Referring now to FIG. 7, an alternative embodiment is shown of the test circuit 10. here the circuit described above in connection with FIG. 3 has an additional chop circuit 32′ of the type described above in FIG. 4 are on the same integrated circuit chip 16. The chop circuit 32 in FIG. 7 may be considered an “input chop circuit” and the chop circuit 32′ in FIG. 7 may be considered an “output” chop circuit”. Thus, by enabling only the input chop circuit 32 the test circuit is configured as in FIG. 3 and by enabling only the output chop circuit 32′ the test circuit is configured as in FIG. 4. It should also be noted that both chop circuits 32, 32′ may be operated simultaneously.

Referring now to FIG. 8, the test signal source described above in connection with the test circuit 10 of FIG. 3 is on the integrated circuit 16, as shown. Thus, when the chop circuit 32 is in one state, as shown in FIG. 8A, the voltage of the DVM 24 is equal to VTEST−(V4−V3) and when in the other state, as shown in FIG. 8B, the voltage of the DVM 24 is equal to −VTEST−(V4−V3). Thus, the output of the divide by two circuit in FIG. 8 subtracts −VTEST+(V4−V3) from VTEST−(V4−V3) resulting in an output of VTEST that VTEST has successfully been measured in the presence V4 and V3.

Other embodiments are within the spirit and scope of the appended claims.

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Referenced by
Citing PatentFiling datePublication dateApplicantTitle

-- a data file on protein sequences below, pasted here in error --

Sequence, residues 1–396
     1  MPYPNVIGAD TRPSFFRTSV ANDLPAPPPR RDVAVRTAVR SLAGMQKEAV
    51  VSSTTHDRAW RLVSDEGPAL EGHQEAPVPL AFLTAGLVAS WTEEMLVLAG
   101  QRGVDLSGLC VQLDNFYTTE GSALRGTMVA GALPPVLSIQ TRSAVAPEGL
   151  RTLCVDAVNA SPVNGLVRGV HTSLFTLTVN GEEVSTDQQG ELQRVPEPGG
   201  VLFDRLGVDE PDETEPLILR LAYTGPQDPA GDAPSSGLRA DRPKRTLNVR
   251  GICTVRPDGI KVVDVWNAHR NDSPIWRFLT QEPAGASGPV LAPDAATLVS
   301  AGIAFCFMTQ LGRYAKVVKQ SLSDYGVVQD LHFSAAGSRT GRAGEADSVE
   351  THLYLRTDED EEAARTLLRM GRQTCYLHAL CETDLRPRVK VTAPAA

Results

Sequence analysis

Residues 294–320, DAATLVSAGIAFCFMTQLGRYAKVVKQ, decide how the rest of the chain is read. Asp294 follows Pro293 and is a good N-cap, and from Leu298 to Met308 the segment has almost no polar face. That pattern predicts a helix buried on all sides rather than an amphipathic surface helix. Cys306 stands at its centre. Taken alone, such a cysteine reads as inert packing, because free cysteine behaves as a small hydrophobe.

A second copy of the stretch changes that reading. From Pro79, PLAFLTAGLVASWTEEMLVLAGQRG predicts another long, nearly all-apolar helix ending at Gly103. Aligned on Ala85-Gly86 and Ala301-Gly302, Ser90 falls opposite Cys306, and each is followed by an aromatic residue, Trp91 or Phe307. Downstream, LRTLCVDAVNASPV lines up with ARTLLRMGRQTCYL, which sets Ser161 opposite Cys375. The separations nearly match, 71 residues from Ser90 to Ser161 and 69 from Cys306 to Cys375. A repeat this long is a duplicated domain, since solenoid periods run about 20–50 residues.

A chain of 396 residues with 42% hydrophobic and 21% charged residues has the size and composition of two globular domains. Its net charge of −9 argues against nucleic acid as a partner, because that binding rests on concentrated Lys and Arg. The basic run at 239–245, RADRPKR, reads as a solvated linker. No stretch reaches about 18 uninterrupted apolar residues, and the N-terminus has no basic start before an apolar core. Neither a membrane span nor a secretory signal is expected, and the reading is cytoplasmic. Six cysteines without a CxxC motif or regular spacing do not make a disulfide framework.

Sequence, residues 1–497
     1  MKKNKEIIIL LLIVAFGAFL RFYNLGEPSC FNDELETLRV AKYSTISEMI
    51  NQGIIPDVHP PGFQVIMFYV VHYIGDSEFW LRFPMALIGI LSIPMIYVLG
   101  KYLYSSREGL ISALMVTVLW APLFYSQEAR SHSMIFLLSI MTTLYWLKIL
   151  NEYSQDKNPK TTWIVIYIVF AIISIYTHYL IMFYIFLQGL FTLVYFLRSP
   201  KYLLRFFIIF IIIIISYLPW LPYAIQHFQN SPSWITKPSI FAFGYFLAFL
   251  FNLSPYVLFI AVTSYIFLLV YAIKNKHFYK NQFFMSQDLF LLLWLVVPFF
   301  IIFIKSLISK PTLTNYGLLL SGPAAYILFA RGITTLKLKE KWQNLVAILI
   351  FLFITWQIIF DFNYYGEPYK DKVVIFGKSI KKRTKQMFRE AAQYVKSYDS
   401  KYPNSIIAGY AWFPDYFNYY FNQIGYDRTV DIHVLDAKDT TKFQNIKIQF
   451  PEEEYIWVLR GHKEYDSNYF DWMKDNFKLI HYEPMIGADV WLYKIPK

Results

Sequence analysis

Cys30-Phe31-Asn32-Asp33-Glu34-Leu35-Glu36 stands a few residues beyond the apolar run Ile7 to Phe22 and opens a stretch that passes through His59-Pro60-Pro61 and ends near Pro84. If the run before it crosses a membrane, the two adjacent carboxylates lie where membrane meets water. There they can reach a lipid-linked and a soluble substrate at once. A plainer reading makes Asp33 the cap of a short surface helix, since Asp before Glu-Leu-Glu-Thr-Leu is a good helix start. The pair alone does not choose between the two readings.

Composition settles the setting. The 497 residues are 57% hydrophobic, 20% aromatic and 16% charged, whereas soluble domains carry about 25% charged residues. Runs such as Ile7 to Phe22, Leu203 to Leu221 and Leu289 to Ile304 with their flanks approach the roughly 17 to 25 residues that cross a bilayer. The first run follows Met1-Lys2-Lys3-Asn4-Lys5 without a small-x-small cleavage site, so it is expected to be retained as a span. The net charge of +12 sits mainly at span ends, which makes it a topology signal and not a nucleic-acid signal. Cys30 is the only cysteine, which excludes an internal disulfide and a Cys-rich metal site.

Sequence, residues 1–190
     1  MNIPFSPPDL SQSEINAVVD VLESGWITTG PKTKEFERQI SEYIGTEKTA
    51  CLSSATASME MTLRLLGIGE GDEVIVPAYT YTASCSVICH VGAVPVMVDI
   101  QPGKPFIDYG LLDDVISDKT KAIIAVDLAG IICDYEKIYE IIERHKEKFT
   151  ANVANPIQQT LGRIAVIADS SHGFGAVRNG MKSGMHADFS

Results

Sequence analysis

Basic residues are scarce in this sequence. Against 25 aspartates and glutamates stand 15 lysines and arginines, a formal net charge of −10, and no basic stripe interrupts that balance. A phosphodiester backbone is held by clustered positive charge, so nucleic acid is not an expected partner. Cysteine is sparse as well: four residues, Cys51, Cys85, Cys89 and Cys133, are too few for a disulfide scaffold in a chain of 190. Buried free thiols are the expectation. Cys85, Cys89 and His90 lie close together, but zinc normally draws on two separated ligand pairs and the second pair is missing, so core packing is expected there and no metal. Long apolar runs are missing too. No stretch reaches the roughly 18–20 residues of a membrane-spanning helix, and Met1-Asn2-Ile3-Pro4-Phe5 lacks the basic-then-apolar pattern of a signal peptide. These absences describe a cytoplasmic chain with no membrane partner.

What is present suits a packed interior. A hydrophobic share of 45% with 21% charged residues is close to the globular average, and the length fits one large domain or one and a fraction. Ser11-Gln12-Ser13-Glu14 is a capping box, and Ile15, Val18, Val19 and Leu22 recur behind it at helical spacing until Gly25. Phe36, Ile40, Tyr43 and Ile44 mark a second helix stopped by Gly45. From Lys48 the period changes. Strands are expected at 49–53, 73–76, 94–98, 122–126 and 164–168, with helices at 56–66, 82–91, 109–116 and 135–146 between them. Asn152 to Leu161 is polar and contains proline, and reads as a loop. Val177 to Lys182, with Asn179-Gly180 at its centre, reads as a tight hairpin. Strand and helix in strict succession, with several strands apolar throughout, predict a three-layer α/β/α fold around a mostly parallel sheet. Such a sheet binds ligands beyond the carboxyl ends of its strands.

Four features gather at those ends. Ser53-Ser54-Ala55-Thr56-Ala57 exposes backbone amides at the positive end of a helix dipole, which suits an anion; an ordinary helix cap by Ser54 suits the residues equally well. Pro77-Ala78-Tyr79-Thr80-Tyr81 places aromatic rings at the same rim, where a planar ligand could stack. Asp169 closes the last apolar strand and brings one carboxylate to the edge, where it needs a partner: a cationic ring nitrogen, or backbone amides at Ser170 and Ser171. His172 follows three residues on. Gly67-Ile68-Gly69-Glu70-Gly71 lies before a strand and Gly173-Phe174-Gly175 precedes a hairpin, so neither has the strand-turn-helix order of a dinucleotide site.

US6650262 *Apr 22, 2002Nov 18, 2003Ando Electric Co., Ltd.AD converter evaluation apparatus
US7589623Oct 17, 2005Sep 15, 2009Trw LimitedSignal apparatus for a vehicle
Classifications
U.S. Classification324/762.02
International ClassificationG01R31/28
Cooperative ClassificationG01R31/2884, G01R31/2851
European ClassificationG01R31/28G4
Legal Events
DateCodeEventDescription
May 28, 2014FPAYFee payment
Year of fee payment: 12
Jun 24, 2010FPAYFee payment
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Jun 23, 2006FPAYFee payment
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Jan 26, 2001ASAssignment
Owner name: ANALOG DEVICES, INC., MASSACHUSETTS
Free format text: ASSIGNMENT OF ASSIGNORS INTEREST;ASSIGNORS:MEANY, THOMAS;SHERRY, ADRIAN;REEL/FRAME:011473/0160
Effective date: 20000926
Owner name: ANALOG DEVICES, INC. ONE TECHNOLOGY WAY NORWOOD MA
Owner name: ANALOG DEVICES, INC. ONE TECHNOLOGY WAYNORWOOD, MA
Free format text: ASSIGNMENT OF ASSIGNORS INTEREST;ASSIGNORS:MEANY, THOMAS /AR;REEL/FRAME:011473/0160
Owner name: ANALOG DEVICES, INC. ONE TECHNOLOGY WAYNORWOOD, MA
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Effective date: 20000926
Owner name: ANALOG DEVICES, INC. ONE TECHNOLOGY WAY NORWOOD MA
Free format text: ASSIGNMENT OF ASSIGNORS INTEREST;ASSIGNORS:MEANY, THOMAS;SHERRY, ADRIAN;REEL/FRAME:011473/0160
Effective date: 20000926